Speedfaithing allows for open discussion

by Alysse Schultheis

Executive Editor

On October 24, Sewanee Interfaith held its first Speedfaithing event. After filling plates with delicious cheese and grabbing a cup of lemonade, participants sat in pairs facing their first partner. Kiela Crabtree (C’15) and Maggie Koella (C’16) began the event explaining that there would be a new question every three minutes, after which one person in each pair would move to a new partner. The first question posed, “What is your favorite movie and why?” allowed partners to start with an easy and relaxed discussion before jumping into complicated topics. As round one continued, the questions asked participants to think about their beliefs in different ways, asking, “Are there specific days of importance in your tradition?” and “Have your beliefs ever differed from those of your tradition of philosophy?”

Providing a safe space to discuss religion, faith, traditions, and philosophies, Speedfaithing introduced many discussion topics in a short amount of time, allowing for a wide range of conversation between different people. After round one there was still some time before the next round of questions began, so six students decided to fill the time by dancing a reel while the rest clapped their hands and stomped their feet. Spinning to the music with a partner, the dance provided an impromptu way for students to join together regardless of faith or beliefs.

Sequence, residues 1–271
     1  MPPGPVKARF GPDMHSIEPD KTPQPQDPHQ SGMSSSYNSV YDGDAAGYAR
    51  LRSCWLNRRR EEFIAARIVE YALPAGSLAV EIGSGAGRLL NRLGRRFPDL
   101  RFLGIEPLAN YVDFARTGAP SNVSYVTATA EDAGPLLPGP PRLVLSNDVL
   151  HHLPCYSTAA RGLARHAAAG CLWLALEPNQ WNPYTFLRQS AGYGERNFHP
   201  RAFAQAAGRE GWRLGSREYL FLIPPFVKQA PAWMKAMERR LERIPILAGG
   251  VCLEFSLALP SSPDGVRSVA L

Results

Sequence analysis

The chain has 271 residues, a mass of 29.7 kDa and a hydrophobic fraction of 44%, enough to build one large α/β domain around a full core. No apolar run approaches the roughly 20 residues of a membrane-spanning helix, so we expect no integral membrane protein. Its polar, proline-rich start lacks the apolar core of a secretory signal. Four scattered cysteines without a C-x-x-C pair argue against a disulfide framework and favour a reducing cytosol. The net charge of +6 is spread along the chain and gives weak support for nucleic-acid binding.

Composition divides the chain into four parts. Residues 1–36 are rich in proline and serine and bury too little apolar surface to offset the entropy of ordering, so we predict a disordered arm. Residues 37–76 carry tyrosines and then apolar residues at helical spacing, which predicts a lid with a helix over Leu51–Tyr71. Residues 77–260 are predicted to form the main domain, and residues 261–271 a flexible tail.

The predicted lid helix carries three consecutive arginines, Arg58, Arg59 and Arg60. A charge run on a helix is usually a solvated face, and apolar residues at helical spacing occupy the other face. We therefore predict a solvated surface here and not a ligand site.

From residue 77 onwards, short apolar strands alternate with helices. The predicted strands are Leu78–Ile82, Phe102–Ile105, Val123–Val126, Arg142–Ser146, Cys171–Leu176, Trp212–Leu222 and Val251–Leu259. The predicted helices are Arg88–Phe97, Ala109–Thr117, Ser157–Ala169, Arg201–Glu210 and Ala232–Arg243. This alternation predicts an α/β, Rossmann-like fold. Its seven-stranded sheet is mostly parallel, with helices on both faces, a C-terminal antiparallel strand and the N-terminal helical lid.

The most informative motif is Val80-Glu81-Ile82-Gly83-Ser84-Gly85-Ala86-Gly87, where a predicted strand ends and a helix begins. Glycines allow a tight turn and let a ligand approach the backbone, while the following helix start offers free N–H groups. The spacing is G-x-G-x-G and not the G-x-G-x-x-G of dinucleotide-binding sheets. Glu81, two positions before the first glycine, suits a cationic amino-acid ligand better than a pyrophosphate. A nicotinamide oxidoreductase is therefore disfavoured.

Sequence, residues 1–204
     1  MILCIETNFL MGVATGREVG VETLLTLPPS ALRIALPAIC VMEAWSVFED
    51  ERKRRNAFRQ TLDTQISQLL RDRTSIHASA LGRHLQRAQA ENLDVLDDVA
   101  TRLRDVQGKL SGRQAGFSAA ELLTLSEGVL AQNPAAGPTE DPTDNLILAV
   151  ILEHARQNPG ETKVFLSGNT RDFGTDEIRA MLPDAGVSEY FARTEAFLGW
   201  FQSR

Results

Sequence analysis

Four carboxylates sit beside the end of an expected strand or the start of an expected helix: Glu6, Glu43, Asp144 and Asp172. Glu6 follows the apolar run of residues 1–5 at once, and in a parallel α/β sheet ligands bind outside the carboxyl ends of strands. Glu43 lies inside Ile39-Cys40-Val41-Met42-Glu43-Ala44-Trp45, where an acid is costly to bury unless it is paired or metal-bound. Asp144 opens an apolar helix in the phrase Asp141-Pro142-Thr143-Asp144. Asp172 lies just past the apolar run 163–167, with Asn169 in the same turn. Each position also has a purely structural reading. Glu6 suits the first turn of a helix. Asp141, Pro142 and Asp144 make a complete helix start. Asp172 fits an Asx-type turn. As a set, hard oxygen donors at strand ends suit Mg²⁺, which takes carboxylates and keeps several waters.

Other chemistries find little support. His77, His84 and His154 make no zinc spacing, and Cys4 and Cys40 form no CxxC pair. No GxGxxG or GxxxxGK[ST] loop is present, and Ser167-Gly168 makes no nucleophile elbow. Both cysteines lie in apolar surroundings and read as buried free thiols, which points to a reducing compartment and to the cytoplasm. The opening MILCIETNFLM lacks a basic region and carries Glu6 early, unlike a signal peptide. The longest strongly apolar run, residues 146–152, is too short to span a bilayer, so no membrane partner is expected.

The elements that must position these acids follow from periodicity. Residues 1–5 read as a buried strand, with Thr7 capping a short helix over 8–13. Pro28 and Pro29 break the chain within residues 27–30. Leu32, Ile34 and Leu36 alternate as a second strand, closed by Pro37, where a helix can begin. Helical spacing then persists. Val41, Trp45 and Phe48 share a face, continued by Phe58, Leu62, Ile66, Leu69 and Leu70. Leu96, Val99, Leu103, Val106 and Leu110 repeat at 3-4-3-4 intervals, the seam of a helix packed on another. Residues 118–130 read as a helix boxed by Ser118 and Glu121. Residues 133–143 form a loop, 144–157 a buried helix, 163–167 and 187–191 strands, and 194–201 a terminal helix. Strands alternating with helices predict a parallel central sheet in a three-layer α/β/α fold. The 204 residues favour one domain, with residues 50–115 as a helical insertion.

Settling down to the second round, everyone once again talked with a partner about questions such as, “What is a tradition you would like to learn more about, and why?” CarolAnne Poyman (C’16) learned a lot about the other people and appreciated having a safe space to talk since “personal beliefs and faith are not regular topics of conversation because they tend to make people defensive or argumentative.” The “open dialogue and honest communication was the key,” and Poyman thinks “everyone really enjoyed the relaxed atmosphere.” The first Speedfaithing successfully brought students together, and as Chris Murphree (C’16) described, it was “a rewarding opportunity to learn not only about others beliefs, but your own as well.” Interfaith’s next event is on Monday, November 10, where the Imam of the Islamic Center of Murfreesboro will come to speak about the importance of interfaith work.

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